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Diplomacy

Papua New Guinea ‘should learn from Malaysia’s Mahathir to avoid becoming a Chinese colony’

  • Opposition politician Gary Juffa says country should learn from example of Malaysian PM, who cancelled belt and road projects owing to debt fears
  • Critics warn country’s growing closeness to China is not benefitting local people and undermining its sovereignty
PUBLISHED : Sunday, 18 November, 2018, 11:02am
UPDATED : Monday, 19 November, 2018, 6:50am

Papua New Guinea must learn from Malaysian Prime Minister Mahathir Mohamad when it comes to countering China’s growing influence, a leading opposition politician has warned.

But Gary Juffa, the governor of Oro province and the leader of an opposition party in parliament, warned there was a risk of becoming a colony of China arguing that local people were not benefitting from infrastructure projects built under the Belt and Road Initiative.

China boosts ties with strategically important Papua New Guinea

The impoverished nation is in the global spotlight as leaders of 21 member countries of the Asia-Pacific Economic Cooperation (Apec) attend a summit in the capital Port Moresby.

China and Australia have been the primary aid donors to Papua New Guinea, as they compete for influence in the impoverished island nation by building much-needed infrastructure.

But Juffa, the leader of the People’s Movement for Change party, told the South China Morning Post that caution and transparency was needed regarding aid and investment from China as well as from other nations.

Juffa argued that Chinese investment to the country does not benefit local communities, adding: “We must try to maintain sovereignty. If we do not do that we will just become a colony of China.”

“I want to ensure that my people own Papua New Guinea’s economy.” he said.

“But now I don’t think we are owning [our] economy. If you want to be truly independent you must own the economy.”

Juffa and other opposition politicians have criticised Prime Minister Peter O’Neill for his closeness to China.

Chinese private investment in belt and road projects may be losing steam

During a visit to Beijing in June, O’Neill signed the country up to take part in China’s US$900 billion Belt and Road Initiative which aims to builds infrastructure to improve trade connectivity and investments around the region and the world.

But the projects have proved to be controversial in many of the participating countries.

Critics have warned that poorer countries risk running up unsustainable debts to pay for Chinese-built infrastructure schemes, while Sri Lanka has already been forced to hand over a port on a 99-year lease.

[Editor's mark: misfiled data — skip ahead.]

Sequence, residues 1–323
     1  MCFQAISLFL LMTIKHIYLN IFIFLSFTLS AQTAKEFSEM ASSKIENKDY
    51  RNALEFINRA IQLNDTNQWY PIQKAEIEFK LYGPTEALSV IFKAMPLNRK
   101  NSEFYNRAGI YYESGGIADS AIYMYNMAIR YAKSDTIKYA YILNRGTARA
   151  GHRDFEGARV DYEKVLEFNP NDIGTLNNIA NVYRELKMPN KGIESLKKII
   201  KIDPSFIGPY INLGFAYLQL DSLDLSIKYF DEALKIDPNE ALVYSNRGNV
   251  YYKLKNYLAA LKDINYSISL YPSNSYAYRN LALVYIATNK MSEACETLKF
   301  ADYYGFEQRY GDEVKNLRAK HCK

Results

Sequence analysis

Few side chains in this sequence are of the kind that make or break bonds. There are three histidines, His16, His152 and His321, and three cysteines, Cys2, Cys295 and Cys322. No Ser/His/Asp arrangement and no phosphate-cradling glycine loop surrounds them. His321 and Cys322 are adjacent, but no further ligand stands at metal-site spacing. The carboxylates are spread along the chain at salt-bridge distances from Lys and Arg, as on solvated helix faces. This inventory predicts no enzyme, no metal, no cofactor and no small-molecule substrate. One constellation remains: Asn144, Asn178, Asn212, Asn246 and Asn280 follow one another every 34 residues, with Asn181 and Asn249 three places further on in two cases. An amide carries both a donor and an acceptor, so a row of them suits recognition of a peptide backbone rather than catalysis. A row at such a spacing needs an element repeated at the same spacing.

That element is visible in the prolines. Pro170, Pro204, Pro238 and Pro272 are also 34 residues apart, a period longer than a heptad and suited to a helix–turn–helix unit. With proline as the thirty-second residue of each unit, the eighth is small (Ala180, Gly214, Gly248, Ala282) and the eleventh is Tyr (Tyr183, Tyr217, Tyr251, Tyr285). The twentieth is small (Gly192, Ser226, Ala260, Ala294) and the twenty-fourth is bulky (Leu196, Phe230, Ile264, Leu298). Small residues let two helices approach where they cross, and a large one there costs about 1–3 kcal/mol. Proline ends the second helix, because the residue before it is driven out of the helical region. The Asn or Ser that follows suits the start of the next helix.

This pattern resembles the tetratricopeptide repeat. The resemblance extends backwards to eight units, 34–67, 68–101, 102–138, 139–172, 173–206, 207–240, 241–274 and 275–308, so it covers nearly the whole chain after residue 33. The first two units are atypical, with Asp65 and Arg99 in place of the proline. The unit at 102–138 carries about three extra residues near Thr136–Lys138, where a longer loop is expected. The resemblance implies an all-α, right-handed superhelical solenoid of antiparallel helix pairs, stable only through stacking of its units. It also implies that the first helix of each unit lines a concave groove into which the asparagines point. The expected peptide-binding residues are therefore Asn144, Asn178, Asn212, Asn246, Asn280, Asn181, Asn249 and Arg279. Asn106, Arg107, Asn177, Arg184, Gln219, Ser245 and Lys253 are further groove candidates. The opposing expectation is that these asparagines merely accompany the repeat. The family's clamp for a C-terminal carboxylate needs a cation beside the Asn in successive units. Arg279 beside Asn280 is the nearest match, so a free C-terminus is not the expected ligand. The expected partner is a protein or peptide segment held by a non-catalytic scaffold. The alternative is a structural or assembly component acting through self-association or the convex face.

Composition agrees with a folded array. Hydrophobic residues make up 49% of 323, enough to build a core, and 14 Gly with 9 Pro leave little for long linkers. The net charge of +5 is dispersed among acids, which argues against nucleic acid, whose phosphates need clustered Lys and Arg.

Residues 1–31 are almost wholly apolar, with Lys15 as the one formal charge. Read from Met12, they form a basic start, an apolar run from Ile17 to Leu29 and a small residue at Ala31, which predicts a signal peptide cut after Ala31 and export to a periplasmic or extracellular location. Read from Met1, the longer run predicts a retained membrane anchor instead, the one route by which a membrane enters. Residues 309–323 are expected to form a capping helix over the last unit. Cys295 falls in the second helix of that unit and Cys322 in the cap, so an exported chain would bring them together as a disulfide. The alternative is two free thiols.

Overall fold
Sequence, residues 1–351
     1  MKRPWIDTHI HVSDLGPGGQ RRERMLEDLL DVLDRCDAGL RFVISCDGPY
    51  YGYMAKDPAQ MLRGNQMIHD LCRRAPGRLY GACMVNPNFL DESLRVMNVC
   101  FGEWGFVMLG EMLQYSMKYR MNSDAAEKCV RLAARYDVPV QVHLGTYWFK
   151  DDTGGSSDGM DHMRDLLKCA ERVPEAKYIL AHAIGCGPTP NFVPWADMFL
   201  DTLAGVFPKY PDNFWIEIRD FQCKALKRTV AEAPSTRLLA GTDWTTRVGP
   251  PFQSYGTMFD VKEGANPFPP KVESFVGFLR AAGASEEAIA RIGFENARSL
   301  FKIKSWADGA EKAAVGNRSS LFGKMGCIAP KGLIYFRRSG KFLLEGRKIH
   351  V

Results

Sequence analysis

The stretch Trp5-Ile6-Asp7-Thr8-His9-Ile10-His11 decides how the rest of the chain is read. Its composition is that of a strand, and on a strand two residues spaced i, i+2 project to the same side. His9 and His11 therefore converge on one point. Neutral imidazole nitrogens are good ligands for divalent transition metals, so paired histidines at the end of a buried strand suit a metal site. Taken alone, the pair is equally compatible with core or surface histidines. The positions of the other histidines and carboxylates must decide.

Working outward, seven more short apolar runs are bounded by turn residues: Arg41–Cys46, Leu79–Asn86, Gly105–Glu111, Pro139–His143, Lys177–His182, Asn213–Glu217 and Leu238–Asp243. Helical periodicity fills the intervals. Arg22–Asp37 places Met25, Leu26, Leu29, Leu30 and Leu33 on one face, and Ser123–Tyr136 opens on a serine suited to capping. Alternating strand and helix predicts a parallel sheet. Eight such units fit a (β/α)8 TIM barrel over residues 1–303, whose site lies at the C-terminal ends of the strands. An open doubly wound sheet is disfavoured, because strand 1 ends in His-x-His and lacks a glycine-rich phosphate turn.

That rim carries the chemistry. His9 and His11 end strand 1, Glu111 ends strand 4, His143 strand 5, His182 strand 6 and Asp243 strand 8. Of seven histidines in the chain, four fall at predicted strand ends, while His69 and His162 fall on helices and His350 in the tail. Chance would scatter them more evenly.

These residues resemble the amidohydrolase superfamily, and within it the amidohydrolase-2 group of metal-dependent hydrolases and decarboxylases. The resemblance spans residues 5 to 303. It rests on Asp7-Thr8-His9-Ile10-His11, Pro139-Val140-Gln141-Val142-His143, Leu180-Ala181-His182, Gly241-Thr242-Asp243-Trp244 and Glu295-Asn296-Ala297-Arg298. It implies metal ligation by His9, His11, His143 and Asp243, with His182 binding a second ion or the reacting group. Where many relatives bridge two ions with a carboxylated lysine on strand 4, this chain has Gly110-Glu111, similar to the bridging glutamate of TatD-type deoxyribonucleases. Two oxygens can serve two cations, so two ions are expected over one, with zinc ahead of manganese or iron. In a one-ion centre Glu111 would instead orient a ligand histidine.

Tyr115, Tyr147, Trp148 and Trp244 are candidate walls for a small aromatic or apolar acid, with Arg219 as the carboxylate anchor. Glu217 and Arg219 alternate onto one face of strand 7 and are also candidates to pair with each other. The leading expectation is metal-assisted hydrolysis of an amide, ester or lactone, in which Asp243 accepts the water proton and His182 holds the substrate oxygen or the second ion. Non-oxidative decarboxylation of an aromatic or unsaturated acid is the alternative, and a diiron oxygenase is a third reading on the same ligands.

Juffa pointed to the example of Mahathir, who cancelled US$22 billion worth of belt and road projects in August, shortly after he returned to power, over concerns about their affordability.

No one wins in trade war, Xi tells world leaders

“We need to look at what Mahathir is doing, he has been very concerned about the future and sovereignty of Malaysia, he doesn’t want the country to be a colony of China. That is what we need to do here,” Juffa said.

“We can have Chinese influence but we need them to be based on our terms, we need to inform them about our laws, the fact that they are in our country and there has to be an element of respect,” he said.

Donors have helped cover the cost of hosting the Apec summit, but critics have said the lavish spending – including a controversial decision to buy 40 Maseratis to ferry delegates to and from the summit venue – has not brought any benefits for local people.

Juffa, said that most people in the country did not know what Apec was “or who has given the government money to do all these, or what we have given up”.

Juffa also argued that the quality of Chinese-funded infrastructure projects was worse than Australian ones, which reinforced the argument that Papua New Guinea should not side with just one country.

“We can accept Chinese aid but have projects imposed with an Australian standard. Then we know that roads built will be high quality,” Juffa said.

Australia – Papua New Guinea’s largest foreign donor – has vowed to up its aid to provide an estimated A$572 million (US$412 million) in official development assistance in 2018-19, according to the Australian Department of Foreign Affairs and Trade.

Maseratis aside, Papua New Guinea’s chairing of Apec spells progress

Chinese investment in Papua New Guinea – mostly in the form of infrastructure projects such as building roads and ports – grew to US$2.46 billion last year, a significant rise from 2016’s US$860 million, according to data compiled by China Global Investment Tracker.

“China has great power and wealth. We want to maintain our sovereignty. We can develop, expand, modernise at our pace in a way to maintain our position as an independent nation,” Juffa said.